Partisan Politics Throw Tougher Vaccine Law Into Question
This article has been edited to correct an earlier version.
May 22, 2013 — A senator’s automobile accident and a Republican blockade have put at risk a bill that would limit childhood vaccination exemptions.
Oregon has the lowest rate of vaccination among kindergarteners in the nation for the second straight year, with 6.4 percent of children receiving non-medical exemptions — an all-time high.
Public health advocates including the Oregon Pediatric Society say Oregon’s children are at risk of a major outbreak of infectious disease as a result of the state’s wide-open exemption law.
Current Oregon law allows parents to skip vaccinations for their public-school children by simply stating that vaccines are against their religion. Senate Bill 132 moves to tighten that exemption to require parents to give informed consent.
Parents would still be able to choose not to vaccinate their children for any reason, but only after watching a state-sponsored informational video on vaccination or receiving a note from a healthcare professional.
Anne Stone, the executive director of the Oregon Pediatric Society, said she thought she had Republican supporters for the tougher vaccine exemption law until Sen. Tim Knopp, a Bend Republican, decided to make a stand against the proposal.
With the support of Sen. Jeff Kruse, R-Roseburg, Knopp has sponsored a minority proposal that would keep current law intact, allowing parents to skip the vaccine requirements for any reason. The Republican caucus has lined up to support Knopp and his amendment.
Republicans have been able to block SB 132 and others because the Democrats have 16 out of 30 Senate seats — the slimmest possible majority. One of their members, Sen. Betsy Johnson of Scappoose, suffered a broken pelvis in a car accident on April 22 and returned to the Senate only this Monday.
A bill takes 16 votes to pass, and without Johnson’s critical 16th vote, the Republicans have been able to effectively filibuster any controversial legislation until she returns. She was absent on Wednesday, delaying a vote on SB 132 for a fourth straight week.
Senate Majority Leader Diane Rosenbaum of Portland has asked that the vote be rescheduled for next Tuesday, but the bill has now been delayed so long that it missed the deadline to be heard by the House Health Committee and will have to be referred to the House Rules Committee to have any hope of becoming law. The Health Committee has stopped taking new bills.
“We don’t feel this is a partisan issue,” Stone said. “This is about the health and well-being of Oregon’s children.”
The Republicans don’t have the votes for their proposal, either, but unless the Democrats can get 16 votes, SB 132 will die.
Dangerously low rates of immunization have led to epidemics of whooping cough in Washington and California as well as Ashland, Oregon, that had not been seen since the 1940s.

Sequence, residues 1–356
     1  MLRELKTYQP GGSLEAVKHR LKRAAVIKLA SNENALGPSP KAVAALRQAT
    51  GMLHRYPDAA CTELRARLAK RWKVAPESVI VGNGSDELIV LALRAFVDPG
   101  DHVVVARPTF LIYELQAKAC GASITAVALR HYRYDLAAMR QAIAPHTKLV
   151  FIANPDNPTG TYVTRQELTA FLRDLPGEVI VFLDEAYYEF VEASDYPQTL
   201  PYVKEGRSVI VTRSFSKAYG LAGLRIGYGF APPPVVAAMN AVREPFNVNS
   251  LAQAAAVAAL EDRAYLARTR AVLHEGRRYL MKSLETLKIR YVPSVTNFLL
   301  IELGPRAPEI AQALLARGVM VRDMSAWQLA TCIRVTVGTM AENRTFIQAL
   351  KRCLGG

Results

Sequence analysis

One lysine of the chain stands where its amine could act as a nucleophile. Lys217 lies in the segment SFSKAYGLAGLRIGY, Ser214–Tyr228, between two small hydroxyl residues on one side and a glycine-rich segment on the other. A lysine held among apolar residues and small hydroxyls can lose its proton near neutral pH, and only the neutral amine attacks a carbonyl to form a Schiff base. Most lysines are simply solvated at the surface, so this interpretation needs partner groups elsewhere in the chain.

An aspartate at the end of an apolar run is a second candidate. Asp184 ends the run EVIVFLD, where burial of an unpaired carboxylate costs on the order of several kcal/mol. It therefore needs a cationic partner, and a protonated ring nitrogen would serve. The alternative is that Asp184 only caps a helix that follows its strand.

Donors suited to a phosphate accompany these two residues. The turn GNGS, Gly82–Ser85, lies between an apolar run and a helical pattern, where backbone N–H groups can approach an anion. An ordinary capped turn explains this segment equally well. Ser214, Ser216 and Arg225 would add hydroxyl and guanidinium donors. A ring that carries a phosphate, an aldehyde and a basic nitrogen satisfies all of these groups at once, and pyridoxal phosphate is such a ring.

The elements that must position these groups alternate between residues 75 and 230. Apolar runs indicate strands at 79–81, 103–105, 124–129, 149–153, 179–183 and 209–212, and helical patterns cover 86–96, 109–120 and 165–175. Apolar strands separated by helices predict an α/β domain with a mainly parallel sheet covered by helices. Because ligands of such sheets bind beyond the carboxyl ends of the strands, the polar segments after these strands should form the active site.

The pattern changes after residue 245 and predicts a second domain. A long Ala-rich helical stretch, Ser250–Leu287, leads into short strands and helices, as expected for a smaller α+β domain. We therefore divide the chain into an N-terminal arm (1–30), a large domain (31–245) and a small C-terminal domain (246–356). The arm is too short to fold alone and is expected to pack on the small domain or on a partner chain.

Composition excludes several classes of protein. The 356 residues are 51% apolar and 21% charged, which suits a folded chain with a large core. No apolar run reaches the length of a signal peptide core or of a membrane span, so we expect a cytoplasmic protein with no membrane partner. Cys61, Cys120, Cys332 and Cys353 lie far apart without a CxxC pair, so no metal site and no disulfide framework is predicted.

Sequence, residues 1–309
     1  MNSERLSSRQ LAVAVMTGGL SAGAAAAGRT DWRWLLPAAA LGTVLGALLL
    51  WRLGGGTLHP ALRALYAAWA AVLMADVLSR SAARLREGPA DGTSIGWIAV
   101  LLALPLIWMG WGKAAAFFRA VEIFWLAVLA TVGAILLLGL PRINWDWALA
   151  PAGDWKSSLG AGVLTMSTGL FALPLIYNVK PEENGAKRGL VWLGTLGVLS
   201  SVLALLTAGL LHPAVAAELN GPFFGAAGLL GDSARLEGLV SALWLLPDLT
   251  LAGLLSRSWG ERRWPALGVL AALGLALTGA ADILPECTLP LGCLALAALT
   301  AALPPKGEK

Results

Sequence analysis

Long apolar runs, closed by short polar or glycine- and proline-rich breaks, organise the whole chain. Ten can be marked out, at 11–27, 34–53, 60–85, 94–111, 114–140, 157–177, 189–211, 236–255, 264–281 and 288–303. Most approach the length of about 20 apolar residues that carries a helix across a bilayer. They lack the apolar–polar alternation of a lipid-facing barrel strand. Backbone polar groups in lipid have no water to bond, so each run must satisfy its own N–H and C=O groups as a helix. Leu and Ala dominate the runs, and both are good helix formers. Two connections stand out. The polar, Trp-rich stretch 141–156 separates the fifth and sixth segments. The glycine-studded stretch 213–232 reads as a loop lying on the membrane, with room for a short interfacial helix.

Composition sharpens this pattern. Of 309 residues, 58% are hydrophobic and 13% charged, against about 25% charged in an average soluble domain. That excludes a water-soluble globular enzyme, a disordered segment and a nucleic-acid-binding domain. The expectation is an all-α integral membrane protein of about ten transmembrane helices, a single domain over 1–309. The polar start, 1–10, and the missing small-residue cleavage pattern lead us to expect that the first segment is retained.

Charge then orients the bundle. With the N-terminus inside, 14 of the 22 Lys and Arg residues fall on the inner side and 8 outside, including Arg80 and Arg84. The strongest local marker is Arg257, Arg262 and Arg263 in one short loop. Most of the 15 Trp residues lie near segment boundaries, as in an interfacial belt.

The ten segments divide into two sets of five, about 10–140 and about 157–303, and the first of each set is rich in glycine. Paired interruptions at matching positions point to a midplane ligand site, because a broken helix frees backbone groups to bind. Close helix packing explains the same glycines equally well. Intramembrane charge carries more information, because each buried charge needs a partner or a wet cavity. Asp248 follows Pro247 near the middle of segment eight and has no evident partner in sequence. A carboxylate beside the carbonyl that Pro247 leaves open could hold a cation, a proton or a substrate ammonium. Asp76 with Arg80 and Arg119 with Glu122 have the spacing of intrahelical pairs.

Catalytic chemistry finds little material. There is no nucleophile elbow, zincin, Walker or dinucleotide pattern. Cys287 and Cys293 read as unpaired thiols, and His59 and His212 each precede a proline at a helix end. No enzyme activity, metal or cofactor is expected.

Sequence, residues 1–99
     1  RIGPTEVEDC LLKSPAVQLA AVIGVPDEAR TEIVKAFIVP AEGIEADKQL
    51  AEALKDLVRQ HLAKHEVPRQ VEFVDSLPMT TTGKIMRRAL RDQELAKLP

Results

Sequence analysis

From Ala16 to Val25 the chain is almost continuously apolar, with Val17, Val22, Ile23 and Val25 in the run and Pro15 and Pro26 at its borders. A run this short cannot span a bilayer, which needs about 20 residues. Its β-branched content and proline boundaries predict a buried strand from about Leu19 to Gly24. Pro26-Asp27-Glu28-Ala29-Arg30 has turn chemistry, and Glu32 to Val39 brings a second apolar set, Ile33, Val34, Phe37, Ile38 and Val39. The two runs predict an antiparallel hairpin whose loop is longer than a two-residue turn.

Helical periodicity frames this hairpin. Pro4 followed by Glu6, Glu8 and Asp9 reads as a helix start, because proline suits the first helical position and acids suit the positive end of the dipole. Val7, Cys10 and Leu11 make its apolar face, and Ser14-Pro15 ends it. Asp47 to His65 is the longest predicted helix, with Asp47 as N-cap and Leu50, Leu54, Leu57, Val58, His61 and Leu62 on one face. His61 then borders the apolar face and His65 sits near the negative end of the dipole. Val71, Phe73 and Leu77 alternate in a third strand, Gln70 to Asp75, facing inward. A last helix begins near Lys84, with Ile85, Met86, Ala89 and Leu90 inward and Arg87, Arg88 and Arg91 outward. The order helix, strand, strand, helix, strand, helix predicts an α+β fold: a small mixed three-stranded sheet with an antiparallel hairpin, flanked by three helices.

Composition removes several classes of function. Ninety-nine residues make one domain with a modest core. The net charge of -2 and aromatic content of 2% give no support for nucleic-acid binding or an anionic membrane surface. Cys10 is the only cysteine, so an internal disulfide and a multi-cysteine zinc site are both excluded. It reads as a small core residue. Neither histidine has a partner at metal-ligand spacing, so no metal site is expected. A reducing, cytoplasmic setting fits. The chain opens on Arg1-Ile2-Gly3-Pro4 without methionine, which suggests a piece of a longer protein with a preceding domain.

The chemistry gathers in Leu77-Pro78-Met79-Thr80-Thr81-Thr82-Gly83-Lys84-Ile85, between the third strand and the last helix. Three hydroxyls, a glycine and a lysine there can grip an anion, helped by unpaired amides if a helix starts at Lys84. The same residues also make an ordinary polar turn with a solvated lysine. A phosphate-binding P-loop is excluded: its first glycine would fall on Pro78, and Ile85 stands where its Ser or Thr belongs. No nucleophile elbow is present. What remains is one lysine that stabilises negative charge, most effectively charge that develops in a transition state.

Upwards of 95 percent of children need to be immunized to create “herd immunity” for measles and whooping cough, and some Oregon schools have immunization rates as low as 70 percent. Stone said pediatrician Dr. Jay Rosenbloom often notes that measles are so contagious that if someone enters an elevator with an infected person and is not immunized, he or she will contract the disease.
Although usually not fatal, measles and whooping cough — also known as pertussis — can kill their victims, particularly in vulnerable populations such as newborns.
Under current law, it’s actually much easier to skip vaccinations than have a child properly immunized against disease. While vaccines cost money and require detailed records, parents can exempt their children by simply stating that vaccines are against their religion.
It’s that religious language that has become a sticking point for Knopp.
“You’re forcing some religious minority to go to a doctor they don’t believe for information they are not going to use,” Knopp told The Lund Report. “I don’t think we should infringe upon constitutional rights just because some of the medical community is concerned about vaccination rates.”
Knopp said the Oregon Pediatric Society should do a better job of educating parents about the dangers of infectious disease if it wants to increase vaccination rates. “I find it odd that it’s easier to infringe upon basic rights than do the hard work of advocating for something they believe in,” he said.
The Church of Christ, Scientist teaches that all things can be healed through prayer rather than through medicine, and many Christian Scientists strongly oppose vaccinations. Oregon also has one of the lowest rates of traditional religious affiliation in the United States, and the loosely written law encompasses other unorthodox personal convictions.
Washington, which had the nation’s lowest vaccination rate until surpassed by Oregon, saw the non-medical exemption for vaccines drop by 25 percent after it approved a similar law in 2011.
Image for this story by United States Agency for International Development (public domain) via Wikimedia Commons.
Christopher David Gray can be reached at [email protected].